ARBAN project coordinator Md Mahbubur Rahman said that another project is on card for 85 families at Rampura and one more has been proposed at Basila.
UNDP, in cooperation with the government, under the Community Housing Development Fund built 346 apartment units in 2010 in Gopalganj municipality. They set 10-12 per cent interest rates with a payback period of 5-7 years.
A better solution
Habib alleged that the government agencies did not pay attention to housing problems of the urban poor over the years which aggravated the problem.
“Flat for anyone cannot be accepted in a densely populated city like Dhaka. The government should create 500-1,000 sqft flats on rental basis for the poor,” he suggested.
He said that single digit house loan and a policy support was essential for solving housing problem for the poor.
Professor Adil said that a public-private partnership could create huge housing opportunities in the cities. “If the government can set a vision, it can ensure the rights of the people,” he said.
Urban planners said that community housing has resolved housing problem in many countries but Bangladesh is yet to explore it.
Under community housing, houses are rented to people in need at an affordable rate but these are not sold to anyone.
The World Bank Group in 2019 estimated that Bangladesh will need to build at least 8.5 million units of houses by 2023.
Shelter or housing is one of the constitutional rights that the state has enshrined in Article 15 of the constitution while the government’s 7th Five-Year Plan, the Sustainable Development Goals set by the UN and other UN declaration too obliged the country to ensure affordable housing for all.
Over the last decades, the government has taken a number of housing projects mostly for the rich and middle-class people.
In 1998, the governmentundertook the Bhashantek Rehabilitation Project costing Tk 341 crore at Mirpur-14. The government had fixed flat price at rates that families could pay off in 10 years in monthly installments which the rights activists lauded.
They said the project was bogged down by irregularities and mismanagement.
Last year, Ain O Shalish Kendra revealed in a study that only 218 units out of 849 type A flats were actually handed over to slum dwellers. The project set a model of owning flat by down payment Tk 65,000 and monthly rent Tk 1,125 for 10 years. The price of a flat consisting of a single room, a kitchen a toilet was set at Tk 1,90,000.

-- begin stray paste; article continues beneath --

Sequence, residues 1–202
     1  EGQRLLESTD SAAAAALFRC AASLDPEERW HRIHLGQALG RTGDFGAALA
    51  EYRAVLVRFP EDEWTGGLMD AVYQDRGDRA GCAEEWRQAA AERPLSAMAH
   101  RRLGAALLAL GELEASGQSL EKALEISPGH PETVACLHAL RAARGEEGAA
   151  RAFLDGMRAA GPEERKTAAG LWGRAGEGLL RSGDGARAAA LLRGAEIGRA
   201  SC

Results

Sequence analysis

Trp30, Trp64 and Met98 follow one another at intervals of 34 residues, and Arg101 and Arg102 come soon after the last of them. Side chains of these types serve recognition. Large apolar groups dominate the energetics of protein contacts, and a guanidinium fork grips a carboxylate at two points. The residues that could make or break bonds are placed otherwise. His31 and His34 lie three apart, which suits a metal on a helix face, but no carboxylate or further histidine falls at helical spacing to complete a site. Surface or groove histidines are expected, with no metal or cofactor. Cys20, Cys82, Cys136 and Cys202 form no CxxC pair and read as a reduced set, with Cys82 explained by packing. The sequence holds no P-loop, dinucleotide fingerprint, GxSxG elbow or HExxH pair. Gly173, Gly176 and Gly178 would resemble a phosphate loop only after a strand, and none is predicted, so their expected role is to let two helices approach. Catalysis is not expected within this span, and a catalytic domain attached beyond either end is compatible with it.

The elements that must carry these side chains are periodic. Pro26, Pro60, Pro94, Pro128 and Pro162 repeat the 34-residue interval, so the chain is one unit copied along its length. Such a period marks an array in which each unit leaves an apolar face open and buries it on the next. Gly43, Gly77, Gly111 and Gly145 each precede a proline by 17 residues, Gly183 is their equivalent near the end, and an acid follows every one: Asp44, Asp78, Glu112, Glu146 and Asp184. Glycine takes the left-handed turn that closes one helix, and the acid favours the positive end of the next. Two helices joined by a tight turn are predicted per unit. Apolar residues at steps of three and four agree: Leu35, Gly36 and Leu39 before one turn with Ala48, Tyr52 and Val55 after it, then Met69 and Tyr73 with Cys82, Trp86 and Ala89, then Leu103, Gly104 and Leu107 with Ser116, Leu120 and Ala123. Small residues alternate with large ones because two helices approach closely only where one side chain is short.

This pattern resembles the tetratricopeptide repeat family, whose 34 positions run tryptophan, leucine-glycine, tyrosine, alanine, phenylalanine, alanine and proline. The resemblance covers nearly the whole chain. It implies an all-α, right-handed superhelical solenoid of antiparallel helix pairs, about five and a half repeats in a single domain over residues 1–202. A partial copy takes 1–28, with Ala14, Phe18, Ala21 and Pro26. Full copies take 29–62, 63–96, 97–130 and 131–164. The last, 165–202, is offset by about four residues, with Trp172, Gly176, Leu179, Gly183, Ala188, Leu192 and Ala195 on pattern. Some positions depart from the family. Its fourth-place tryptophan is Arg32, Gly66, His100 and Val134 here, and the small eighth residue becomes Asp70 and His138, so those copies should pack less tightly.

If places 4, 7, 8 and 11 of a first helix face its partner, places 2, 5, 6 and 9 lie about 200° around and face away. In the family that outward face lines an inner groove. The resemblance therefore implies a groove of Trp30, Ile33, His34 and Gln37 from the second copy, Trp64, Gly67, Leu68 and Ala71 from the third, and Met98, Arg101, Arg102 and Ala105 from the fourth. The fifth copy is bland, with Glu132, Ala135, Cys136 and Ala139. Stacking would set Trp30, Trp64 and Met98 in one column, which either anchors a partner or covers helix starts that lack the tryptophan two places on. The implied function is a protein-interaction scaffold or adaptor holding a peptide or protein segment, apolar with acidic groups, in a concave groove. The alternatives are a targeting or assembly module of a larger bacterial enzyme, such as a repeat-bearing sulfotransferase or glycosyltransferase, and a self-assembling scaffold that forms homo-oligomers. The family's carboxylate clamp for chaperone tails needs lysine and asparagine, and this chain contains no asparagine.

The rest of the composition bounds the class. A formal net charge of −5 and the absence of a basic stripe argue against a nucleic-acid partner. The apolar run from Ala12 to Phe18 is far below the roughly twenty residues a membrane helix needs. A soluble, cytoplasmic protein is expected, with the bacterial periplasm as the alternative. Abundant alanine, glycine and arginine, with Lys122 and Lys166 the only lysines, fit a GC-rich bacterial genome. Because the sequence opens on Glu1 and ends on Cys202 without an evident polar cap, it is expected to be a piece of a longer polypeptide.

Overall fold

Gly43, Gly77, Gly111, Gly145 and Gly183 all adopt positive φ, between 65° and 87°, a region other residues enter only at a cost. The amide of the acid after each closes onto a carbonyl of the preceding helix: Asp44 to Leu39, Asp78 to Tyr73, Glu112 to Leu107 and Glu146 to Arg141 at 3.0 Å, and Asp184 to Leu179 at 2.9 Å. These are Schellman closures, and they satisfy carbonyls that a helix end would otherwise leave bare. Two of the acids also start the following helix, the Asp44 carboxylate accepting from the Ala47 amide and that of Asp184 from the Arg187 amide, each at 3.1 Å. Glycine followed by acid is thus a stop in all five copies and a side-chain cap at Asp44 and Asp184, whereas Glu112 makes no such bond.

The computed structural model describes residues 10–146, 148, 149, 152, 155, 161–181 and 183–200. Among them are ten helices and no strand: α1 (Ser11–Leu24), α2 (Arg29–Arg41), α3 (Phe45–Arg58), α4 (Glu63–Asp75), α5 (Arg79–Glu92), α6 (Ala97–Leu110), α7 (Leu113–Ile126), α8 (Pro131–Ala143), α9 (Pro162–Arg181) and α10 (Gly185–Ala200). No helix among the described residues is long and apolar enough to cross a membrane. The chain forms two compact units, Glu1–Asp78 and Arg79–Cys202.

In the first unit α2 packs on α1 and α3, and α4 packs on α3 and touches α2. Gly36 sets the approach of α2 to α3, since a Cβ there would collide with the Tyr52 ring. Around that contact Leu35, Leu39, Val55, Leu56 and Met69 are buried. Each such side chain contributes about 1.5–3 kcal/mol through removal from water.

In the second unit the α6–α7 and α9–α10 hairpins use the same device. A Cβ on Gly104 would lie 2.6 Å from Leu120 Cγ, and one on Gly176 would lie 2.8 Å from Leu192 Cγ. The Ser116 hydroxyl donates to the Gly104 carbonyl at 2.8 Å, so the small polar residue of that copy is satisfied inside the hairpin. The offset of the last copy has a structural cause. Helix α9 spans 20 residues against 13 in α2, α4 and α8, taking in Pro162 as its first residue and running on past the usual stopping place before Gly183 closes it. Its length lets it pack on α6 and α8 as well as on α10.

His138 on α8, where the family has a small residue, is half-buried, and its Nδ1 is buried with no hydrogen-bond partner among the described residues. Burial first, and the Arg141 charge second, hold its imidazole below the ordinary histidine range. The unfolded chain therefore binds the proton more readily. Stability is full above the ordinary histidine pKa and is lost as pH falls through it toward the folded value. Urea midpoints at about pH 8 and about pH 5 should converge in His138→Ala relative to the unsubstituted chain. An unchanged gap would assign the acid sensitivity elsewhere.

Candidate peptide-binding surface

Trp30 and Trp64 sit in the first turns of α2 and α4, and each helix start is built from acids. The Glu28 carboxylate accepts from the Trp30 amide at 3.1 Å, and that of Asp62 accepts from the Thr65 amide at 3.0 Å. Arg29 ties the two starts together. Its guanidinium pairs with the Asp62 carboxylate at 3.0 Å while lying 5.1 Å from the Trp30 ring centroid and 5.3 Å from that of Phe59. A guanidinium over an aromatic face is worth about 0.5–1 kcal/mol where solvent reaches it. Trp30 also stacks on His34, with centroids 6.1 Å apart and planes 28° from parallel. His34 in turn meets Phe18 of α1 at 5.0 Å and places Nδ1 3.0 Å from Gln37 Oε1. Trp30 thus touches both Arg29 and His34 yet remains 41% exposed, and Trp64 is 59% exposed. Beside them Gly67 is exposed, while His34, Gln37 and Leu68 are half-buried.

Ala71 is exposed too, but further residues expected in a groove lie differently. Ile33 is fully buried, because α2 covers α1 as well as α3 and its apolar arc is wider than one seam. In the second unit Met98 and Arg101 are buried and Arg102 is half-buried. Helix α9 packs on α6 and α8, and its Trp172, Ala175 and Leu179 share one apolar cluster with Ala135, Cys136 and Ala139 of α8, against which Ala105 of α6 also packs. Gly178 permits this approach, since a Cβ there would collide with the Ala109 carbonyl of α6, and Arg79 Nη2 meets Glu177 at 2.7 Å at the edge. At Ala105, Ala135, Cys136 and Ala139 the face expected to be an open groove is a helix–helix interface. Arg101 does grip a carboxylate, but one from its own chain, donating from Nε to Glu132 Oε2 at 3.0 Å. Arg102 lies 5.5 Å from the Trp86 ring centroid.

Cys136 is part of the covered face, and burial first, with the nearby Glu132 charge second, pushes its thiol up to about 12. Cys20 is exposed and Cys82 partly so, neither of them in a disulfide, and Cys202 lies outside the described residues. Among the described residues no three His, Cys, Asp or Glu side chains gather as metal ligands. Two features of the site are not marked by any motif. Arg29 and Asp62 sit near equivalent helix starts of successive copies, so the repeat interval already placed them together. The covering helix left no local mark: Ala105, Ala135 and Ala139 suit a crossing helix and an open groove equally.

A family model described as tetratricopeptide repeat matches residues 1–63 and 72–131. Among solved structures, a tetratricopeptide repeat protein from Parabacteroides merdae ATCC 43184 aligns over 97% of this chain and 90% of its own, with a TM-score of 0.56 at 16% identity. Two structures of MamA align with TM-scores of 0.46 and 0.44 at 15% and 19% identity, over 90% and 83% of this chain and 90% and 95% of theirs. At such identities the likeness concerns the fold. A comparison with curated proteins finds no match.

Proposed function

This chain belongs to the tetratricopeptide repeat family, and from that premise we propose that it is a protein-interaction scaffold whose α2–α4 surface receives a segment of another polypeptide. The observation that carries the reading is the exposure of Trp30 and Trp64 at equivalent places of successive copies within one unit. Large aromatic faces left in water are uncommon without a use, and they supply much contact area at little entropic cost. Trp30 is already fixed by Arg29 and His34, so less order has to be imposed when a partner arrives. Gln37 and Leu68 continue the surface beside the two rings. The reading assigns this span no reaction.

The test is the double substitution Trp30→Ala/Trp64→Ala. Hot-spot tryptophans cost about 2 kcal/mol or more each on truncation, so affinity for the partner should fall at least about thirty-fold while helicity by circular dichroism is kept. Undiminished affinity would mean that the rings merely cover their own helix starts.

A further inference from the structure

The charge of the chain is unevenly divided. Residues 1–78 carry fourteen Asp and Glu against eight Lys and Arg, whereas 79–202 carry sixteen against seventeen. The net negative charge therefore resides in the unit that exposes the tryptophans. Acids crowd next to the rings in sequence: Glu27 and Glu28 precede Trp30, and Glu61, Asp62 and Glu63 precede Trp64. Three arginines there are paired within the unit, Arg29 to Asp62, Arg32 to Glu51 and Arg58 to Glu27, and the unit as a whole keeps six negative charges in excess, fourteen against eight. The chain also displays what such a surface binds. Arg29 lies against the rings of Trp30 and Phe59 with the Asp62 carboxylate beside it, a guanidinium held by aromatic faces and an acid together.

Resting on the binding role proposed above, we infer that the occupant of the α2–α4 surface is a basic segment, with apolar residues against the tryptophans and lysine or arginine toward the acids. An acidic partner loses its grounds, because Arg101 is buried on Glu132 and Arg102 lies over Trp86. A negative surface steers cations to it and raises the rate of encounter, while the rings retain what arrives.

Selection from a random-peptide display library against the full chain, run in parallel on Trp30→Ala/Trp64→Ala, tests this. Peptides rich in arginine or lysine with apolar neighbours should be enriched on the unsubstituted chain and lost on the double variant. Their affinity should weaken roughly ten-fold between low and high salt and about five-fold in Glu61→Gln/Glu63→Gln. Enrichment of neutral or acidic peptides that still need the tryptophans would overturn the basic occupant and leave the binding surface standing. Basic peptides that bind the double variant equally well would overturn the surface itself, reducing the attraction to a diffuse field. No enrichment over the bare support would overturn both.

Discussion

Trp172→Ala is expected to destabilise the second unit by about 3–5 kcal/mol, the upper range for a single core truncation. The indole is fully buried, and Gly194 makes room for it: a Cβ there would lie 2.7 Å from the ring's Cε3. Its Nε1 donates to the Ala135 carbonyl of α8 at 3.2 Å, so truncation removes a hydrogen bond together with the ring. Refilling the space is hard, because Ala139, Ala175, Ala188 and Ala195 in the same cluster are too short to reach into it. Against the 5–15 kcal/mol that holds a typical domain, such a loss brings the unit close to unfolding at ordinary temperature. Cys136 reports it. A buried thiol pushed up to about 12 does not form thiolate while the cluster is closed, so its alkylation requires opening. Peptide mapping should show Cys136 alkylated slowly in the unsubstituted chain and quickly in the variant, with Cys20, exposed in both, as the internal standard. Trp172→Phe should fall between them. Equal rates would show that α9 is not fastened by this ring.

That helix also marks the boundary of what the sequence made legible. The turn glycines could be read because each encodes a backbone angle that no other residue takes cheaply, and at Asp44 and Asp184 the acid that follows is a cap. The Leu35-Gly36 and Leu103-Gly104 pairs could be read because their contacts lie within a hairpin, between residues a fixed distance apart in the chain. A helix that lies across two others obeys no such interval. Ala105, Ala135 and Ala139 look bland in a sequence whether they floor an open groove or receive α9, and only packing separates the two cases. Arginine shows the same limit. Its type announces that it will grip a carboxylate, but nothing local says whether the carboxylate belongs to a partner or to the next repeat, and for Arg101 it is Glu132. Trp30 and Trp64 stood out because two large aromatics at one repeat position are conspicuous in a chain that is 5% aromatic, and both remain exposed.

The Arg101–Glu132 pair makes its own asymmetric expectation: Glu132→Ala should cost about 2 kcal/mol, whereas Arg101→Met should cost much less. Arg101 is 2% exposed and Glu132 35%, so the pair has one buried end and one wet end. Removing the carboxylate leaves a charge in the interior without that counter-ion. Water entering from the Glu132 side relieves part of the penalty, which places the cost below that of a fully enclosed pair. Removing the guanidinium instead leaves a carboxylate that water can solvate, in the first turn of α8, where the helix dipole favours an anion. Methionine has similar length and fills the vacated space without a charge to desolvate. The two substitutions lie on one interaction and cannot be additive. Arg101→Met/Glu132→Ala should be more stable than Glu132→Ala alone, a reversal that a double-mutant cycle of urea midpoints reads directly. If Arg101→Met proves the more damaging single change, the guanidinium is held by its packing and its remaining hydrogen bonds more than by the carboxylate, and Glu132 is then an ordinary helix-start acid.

RAJUK officials saidtheir housing projects have reserved housing rights of the poor.
They claimed that 1.2 per cent of 20,000 apartments at Purbachal project, 4.3 per cent of 22,000 apartments of Uttara (3rd Phase) and 7.5 per cent of 10,000 apartment of Jhilmeel project were reserved for the poor.
However, housing right campaigners said that no poor people were incorporated in the project. “It is a clear cheatingby a government agency with the poor people,” said Hasan.
Marking Mujib Year and 50 years of independence, the government took the largest housing project ever in the country focusing on villages.In the first phase, houses have been allotted to 66,189 families, with 1,00,000 more due to be handed over this month, officials said.
Life in the slums
Residents of slums live without basic services in an unhealthy environment. The shanties are mostly built on water bodies and occupied government land.
Residents of a number of Dhaka slums interviewed by The Business Post said they often contract diseases because of the unhygienic living condition.
“We live from hand to mouth, which means we can’t visit doctors most of the time after getting sick,” said Tipu, a resident of Sattola Slum. “In most cases, doctors blame malnutrition and unhealthy living condition for the diseases.”
And then there’s lack of safety. Fire service officials said they recorded 200 fire incidents in Dhaka’s slums in the last five years. Water-logging is very common in the slums where a huge number of people live with common kitchen and bathroom facilities.
Setara Begum, 60, migrated to Korail slum from her village at Purakata Gurir Char in the southern costal district of Barguna after her house and farmland were devoured by Payra River 30years ago.
People like her have little choice but to live in the congested unhygienic slums.
“Life’s hard here,” she said. “Stench and insects cause a lot of suffering.”